With that in mind I raised my hand before voting began on Best Supporting Actress and asked the group to consider whether the role that Patricia Arquette - currently a frontrunner in the awards race - plays in Boyhood is truly supporting or if that’s just the category she’s in because it’s more winnable for her at the Oscars. I simply asked the membership to consider this question, and as the nominations were tallied I was shocked to discover no one nominated her for Best Supporting Actress.
Then when the Best Actress nominations started her name began popping up. And she made it to final two. And then she won. This caused many awards watchers on Twitter to throw their hands up in disgust - you’re not helping her campaign, some said. You robbed Marion Cotillard, others said. It’s simply the wrong category, others complained.
Let me explain my reasoning and, I suspect, the reasoning of my colleagues who voted Arquette Best Actress. I’m going to leave behind all the semantic arguments (isn’t the main actress in a movie the lead actress, even if she’s supporting a more leading role?) and just focus on the movie and the storytelling within.
One of the things that frustrates me about Boyhood is the profoundly passive nature of Mason (Ellar Coltrane). He’s almost Forrest Gumpian in the way he just sails through the movie, rarely even commenting on the events happening around him. This element of the character becomes codified by the end as Mason finds a calling in photography, an art that requires him to be forever at a distance from everything, always observing, never being a part of the action. But that blankess is also part of what makes the character so compelling for many viewers - the white space that is Mason’s personality allows the audience (especially men of a certain generation) to project themselves into him.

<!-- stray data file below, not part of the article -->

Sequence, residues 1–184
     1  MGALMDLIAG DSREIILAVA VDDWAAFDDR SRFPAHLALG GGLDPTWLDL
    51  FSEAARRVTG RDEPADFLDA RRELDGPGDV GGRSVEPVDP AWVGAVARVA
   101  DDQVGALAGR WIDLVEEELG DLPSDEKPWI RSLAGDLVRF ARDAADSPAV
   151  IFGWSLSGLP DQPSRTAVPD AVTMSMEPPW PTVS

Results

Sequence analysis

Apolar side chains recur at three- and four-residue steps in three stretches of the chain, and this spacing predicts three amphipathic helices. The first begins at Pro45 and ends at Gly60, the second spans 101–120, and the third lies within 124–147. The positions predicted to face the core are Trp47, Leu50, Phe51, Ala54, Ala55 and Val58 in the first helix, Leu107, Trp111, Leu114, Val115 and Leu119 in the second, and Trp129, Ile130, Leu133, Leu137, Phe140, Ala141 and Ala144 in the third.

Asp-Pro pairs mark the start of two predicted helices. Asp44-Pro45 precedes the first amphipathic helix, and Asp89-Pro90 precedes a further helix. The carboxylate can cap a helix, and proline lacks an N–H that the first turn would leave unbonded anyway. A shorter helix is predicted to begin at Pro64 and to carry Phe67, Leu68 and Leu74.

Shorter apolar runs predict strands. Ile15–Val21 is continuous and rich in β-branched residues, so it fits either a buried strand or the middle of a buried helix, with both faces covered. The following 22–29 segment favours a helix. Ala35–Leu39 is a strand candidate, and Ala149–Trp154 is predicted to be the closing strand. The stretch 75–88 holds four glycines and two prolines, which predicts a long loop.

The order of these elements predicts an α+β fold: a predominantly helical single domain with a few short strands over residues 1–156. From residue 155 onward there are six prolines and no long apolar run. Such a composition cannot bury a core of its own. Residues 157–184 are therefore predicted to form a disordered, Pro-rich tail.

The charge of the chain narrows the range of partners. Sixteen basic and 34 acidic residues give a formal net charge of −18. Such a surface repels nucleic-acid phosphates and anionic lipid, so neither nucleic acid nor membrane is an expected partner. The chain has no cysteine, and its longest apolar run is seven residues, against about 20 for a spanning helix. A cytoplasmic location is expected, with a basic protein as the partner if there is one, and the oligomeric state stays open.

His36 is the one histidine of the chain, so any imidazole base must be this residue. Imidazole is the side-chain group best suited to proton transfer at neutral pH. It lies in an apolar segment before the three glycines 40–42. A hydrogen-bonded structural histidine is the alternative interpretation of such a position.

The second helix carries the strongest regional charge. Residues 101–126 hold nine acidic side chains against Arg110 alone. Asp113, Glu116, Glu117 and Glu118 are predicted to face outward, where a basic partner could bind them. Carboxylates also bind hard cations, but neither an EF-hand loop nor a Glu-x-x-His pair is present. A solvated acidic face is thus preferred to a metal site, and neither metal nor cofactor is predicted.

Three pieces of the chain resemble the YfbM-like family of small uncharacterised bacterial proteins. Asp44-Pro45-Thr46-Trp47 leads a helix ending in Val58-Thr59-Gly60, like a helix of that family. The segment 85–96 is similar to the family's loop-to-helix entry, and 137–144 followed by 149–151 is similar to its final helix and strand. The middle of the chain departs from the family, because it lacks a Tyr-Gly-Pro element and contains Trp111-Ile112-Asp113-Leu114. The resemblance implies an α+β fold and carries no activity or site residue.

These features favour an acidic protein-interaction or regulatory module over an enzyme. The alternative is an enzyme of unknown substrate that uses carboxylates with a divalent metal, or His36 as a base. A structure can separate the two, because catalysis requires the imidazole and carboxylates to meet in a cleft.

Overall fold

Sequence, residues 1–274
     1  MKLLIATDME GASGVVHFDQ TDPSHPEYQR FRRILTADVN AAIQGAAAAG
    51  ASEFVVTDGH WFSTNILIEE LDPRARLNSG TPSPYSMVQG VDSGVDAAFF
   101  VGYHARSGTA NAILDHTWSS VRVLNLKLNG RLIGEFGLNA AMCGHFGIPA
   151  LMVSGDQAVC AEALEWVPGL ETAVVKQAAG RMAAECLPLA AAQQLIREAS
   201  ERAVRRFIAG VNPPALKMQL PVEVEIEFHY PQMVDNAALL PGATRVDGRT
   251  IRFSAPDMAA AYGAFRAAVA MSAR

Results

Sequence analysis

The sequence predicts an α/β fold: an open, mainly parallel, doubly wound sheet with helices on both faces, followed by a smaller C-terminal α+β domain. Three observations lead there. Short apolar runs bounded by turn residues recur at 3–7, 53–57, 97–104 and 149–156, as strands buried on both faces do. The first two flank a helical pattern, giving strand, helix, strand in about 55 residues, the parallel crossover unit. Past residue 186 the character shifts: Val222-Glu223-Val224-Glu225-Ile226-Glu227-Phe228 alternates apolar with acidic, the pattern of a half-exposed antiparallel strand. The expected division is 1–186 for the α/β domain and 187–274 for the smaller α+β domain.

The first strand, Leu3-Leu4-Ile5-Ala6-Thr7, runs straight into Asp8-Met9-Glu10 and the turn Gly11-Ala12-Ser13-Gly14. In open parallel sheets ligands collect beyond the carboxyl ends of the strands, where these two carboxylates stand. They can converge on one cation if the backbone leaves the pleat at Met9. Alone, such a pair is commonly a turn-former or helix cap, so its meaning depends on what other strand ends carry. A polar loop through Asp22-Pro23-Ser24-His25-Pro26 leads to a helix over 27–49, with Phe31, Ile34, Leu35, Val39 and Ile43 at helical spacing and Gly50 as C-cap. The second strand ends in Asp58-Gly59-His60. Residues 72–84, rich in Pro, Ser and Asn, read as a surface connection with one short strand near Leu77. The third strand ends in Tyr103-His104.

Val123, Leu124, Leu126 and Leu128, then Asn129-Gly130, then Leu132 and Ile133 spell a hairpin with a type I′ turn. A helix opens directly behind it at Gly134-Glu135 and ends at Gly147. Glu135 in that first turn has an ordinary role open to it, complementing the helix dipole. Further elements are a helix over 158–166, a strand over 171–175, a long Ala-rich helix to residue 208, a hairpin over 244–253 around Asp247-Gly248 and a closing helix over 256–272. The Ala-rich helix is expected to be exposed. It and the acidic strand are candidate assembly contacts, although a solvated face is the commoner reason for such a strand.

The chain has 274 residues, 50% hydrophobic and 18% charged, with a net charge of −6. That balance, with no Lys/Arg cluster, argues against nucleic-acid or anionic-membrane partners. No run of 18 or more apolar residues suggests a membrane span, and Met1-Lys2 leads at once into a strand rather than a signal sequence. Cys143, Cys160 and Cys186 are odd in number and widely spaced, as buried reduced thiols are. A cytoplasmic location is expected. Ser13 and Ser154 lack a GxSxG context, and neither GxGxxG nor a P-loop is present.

Of course Mason is very young for much of the movie, and Richard Linklater’s film is about capturing a realistic vision of suburban childhood, not making an adventure movie, so that means the character’s agency is inevitably reduced. Fairly privileged white kids tend to move on a track that is set for them up until about high school or college, when there is finally a chance for them to begin making their own choices.